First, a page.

Working Where Statistics and Human Rights Meet

When we tell people that we work at the intersection of statistics and human rights, the reaction is often surprise. Everyone knows that lawyers and journalists think about human rights problems … but statisticians? Yet, documenting and proving human rights abuses frequently involves the need for quantification.

In the case of war crimes and genocide, guilt or innocence can hinge on questions of whether violence was systematic and widespread or one group was targeted at a differential rate compared to others. Similar issues can arise in assessing violations of civil, social, and economic rights. Sometimes the questions can be answered through simple tabulations, but often, more-complex methods of data collection and analysis are required. This is something Richard Savage, former chair of the Department of Statistics at Yale, knew well when he called for more statisticians to get involved in human rights data analysis in his 1984 presidential address to the Joint Statistical Meetings.

When Scott Evans approached us about helping to curate a special issue of CHANCE that would look at the use of statistical analyses in human rights investigations, the request came at a particularly opportune time. Like all researchers, we both focus on specific areas, including estimating war deaths and developing statistical underpinnings for forensic science (with the goal of reducing wrongful convictions). In the wake of a 2016 conference on quantitative data and human rights at Duke University, though, we had been discussing the range of arenas in which statisticians can contribute to investigating potential human rights abuses. Current events have further highlighted the need for this kind of thinking.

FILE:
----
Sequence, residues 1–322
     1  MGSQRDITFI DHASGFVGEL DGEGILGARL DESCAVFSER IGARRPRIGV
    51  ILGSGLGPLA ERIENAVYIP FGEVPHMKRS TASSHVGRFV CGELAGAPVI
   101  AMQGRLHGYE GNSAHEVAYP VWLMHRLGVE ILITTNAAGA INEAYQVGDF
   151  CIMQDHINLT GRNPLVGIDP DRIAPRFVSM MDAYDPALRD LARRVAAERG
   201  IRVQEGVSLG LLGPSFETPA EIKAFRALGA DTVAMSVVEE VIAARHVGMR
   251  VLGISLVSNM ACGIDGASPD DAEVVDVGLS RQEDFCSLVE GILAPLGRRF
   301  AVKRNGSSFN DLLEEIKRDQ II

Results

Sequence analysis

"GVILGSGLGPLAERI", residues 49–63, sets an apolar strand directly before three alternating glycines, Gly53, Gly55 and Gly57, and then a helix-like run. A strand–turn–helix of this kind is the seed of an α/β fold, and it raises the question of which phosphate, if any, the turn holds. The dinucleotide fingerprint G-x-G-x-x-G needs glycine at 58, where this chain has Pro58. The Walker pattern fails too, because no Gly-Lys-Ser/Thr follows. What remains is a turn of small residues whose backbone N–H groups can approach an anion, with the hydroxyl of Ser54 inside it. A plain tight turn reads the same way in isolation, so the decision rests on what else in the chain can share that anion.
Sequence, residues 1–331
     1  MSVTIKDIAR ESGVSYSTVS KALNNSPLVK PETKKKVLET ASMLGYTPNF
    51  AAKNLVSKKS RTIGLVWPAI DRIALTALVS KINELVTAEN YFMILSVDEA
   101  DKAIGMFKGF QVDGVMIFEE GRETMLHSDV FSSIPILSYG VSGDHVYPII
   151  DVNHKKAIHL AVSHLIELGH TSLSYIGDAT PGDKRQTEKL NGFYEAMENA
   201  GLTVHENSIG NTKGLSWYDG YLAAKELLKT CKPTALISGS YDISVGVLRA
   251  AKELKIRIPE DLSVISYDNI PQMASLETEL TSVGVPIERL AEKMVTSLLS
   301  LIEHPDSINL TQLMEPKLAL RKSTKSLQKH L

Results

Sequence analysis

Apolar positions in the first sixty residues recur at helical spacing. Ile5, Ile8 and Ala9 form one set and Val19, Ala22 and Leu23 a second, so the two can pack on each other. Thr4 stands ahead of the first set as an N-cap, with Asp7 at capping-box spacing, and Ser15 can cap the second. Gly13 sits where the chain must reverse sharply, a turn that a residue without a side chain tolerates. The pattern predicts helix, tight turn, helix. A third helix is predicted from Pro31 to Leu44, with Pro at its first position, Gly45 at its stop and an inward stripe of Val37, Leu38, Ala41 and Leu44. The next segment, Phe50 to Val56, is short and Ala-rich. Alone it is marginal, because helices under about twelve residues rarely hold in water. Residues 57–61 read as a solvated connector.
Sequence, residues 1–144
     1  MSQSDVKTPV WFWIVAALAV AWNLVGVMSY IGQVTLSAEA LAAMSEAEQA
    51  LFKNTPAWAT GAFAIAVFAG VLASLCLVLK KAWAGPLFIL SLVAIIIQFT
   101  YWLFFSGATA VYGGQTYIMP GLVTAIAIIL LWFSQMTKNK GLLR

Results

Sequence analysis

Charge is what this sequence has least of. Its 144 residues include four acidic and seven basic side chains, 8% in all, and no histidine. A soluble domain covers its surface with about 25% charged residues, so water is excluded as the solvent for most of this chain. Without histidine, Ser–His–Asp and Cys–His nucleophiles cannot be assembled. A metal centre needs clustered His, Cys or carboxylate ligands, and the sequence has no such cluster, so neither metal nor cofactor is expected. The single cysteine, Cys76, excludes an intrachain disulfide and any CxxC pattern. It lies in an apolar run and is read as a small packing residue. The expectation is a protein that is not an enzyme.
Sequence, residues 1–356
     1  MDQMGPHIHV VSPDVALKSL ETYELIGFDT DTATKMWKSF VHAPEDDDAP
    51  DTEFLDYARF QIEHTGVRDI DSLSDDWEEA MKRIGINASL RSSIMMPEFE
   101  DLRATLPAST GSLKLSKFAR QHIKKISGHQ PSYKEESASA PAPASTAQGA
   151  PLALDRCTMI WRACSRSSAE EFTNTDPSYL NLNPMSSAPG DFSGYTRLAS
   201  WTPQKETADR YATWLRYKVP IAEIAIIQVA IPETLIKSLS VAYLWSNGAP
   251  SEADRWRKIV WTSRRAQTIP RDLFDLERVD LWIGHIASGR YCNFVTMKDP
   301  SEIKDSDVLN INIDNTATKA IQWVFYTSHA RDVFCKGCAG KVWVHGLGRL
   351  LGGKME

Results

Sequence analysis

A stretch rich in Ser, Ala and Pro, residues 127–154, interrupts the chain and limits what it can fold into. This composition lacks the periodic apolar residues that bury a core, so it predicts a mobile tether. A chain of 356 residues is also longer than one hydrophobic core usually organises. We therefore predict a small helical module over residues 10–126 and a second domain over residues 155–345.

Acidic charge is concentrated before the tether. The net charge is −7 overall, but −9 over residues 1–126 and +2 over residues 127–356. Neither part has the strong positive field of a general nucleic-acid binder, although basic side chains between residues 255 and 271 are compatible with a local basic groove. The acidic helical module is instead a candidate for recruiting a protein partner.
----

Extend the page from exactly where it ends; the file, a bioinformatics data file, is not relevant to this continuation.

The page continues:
Formally, the term “human rights” covers a range of individual rights—rights intrinsically due to all individuals simply because those individuals exist. The most famous document to outline these core rights is the Universal Declaration of Human Rights, adopted by the United Nations on December 10, 1948. These include the right to equality before the law; presumption of innocence; freedom from arbitrary detention; access to education, work, and housing; and many others.

The Declaration was a nonbinding statement; however, those rights have since been codified in multilateral treaties, primarily the International Covenant on Civil and Political Rights and the International Covenant on Economic, Social, and Cultural Rights. Many countries have national laws addressing economic, social, and civil rights as well.